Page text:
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Section: relationships, money, manners

Dear Ann Landers,
I am a 42-year-old man, married with two children. Things are just fine within my immediate family. The problem is my mother. She wants me to buy her an automobile. Not just any automobile. She wants one exactly like mine. Mother has a comfortable lifestyle and can certainly afford to buy any car she wants on her own. However, for some reason, she thinks I should give her one. And, of course, she doesn't want anything as moderately priced as the neighbor's car. She feels entitled to a car just like mine -- the expensive variety. No other car will do. Ann, I have worked hard for everything I have, including my car. I paid my own way through college and am reasonably successful in business. I do not feel that I should deprive my children of the money we are saving for their college education in order to satisfy my mother's expensive taste in automobiles. I have told her that money is tight at the moment, but this hasn't stopped her from nagging. My relationship with my mother has never been terribly close, and now, her pressuring me to buy a car is straining it to the breaking point. I don't want to destroy the good will that I have slowly and carefully built up over the years. I need some advice. -- No Name, No City, Please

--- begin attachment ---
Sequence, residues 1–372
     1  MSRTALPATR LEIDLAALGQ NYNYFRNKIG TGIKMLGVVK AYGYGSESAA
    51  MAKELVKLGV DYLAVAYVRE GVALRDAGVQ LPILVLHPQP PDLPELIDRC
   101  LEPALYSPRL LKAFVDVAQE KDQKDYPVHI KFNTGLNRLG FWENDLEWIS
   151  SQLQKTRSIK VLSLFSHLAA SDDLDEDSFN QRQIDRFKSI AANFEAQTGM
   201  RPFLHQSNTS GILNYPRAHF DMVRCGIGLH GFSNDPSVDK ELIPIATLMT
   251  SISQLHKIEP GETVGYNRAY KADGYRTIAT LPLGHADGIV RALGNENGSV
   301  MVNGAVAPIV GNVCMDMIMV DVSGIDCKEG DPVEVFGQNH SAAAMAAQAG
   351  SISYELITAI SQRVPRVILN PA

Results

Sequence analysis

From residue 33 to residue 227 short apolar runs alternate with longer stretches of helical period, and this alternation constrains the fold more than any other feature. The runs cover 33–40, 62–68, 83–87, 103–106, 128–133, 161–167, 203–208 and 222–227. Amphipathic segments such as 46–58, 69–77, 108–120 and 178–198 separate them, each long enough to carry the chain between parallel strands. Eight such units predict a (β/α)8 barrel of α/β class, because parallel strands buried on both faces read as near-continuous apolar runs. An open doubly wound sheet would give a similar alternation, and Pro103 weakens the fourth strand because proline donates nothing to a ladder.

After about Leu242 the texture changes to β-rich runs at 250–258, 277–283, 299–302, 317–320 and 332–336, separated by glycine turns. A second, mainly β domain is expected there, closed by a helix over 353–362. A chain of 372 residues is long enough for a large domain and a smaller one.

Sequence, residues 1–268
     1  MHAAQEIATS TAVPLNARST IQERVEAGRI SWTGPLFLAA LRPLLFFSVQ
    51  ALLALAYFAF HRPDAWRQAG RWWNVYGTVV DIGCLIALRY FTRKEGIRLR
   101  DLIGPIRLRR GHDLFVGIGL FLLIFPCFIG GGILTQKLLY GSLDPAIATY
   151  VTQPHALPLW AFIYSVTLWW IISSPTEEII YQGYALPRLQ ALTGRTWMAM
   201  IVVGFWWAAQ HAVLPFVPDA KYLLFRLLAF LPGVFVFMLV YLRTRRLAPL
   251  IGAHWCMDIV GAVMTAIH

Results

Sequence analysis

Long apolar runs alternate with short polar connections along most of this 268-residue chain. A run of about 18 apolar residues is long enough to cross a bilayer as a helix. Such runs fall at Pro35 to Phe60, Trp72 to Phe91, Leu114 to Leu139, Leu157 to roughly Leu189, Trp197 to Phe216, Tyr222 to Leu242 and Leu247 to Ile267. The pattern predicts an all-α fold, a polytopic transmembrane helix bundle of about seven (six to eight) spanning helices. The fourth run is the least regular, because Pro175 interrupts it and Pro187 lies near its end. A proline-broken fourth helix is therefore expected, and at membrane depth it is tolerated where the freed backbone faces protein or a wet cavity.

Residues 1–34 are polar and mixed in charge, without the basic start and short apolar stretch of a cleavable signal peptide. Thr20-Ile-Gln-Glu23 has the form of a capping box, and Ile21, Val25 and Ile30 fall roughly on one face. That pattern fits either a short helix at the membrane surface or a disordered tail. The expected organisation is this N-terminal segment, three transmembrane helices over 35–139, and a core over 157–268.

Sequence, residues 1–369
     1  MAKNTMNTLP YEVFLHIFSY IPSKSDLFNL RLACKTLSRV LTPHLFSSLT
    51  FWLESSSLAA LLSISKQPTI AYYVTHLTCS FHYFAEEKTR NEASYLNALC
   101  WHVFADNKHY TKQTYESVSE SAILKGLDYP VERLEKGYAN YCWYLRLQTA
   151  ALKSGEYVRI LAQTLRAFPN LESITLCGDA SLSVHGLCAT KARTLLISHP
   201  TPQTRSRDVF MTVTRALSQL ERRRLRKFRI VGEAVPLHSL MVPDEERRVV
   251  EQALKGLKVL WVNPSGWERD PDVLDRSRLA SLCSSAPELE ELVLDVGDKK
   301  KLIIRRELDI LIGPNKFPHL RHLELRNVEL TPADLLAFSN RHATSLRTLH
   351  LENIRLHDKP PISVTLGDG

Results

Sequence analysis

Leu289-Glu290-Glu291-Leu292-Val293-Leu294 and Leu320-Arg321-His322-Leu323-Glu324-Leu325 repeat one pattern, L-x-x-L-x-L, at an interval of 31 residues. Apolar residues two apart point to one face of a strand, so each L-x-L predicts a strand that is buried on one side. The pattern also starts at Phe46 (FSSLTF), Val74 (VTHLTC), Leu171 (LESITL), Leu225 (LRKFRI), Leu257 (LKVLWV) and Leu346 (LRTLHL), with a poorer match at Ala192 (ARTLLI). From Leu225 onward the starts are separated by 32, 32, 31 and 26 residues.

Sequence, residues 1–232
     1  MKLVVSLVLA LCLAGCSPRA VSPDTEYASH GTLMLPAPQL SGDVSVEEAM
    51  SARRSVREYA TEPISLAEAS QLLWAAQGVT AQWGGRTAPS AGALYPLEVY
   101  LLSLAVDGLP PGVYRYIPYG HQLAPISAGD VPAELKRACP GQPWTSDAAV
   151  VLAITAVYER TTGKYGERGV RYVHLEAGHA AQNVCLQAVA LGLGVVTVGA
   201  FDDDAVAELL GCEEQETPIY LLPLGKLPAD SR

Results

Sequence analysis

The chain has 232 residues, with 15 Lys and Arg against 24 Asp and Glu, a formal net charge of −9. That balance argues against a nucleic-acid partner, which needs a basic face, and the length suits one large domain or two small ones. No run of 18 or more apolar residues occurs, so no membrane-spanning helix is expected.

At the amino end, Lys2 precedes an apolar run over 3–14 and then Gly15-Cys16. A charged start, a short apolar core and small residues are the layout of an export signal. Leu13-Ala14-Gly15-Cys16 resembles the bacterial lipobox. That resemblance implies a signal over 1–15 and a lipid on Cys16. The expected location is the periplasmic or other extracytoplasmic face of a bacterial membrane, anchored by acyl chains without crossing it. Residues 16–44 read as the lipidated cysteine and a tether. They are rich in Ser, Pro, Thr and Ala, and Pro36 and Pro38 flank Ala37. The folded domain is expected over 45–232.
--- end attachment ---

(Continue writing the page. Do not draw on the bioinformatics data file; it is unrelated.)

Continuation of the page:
Dear N.N.N.C.,
Does your mother have a hearing problem? Tell her, in a voice slightly louder than normal, that you cannot afford to buy her a car, and you would appreciate it if she would quit asking. Let her know it pains you that you cannot give her everything her heart desires, but that your children's education comes first. Repeat as often as necessary.

Tags: parents

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A Note from Margo:
Hi! It's Margo here. I'd love to know what you think of the letters -- and the answers!

Also, any additional thoughts you might have. Thanks!

Reader Comment
I would also put it in writing

Debra's Comment
Sounds like a scam to me!

sirpaul391's Comment
Keep reminding your mother about boundaries and the answer is no new expensive car.

Reader Comment
It always amazes me that adults allow their parents to "nag" them and worry about "destroying good will" if they stand up for themselves. It sounds to me like this son has given in far too many times to his overbearing, grasping mother, and she has become an expert at wearing him down to get her way. He needs to firmly and consistently establish a new pattern now. No means No. If she gets angry, too bad. It is interesting that "takers" always know just who will give them what they want and they gravitate to them.
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Dear Readers,
, whatever they needed I provided. What really hurt my son and I the most was the obituary - we were not mentioned at all. Our friends (mine and hers) were appalled. I was embarrassed and upset for not just me, but for my son-who loved her also. I never been so upset. Her x-husband put his wife and kids and their grandchildren in the obituary, who my girlfriend barely knew. They live an hour away from us. I know its silly to be mad over a little section of the newspaper, but it still hurts. Will time let this devastating loss of her and this article ever go away? I am so angry at this whole situation, its not like we can go and rewrite an obituary notice.

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"Nobody gets to live life backward. Look ahead, that is where your future lies."
-Ann Landers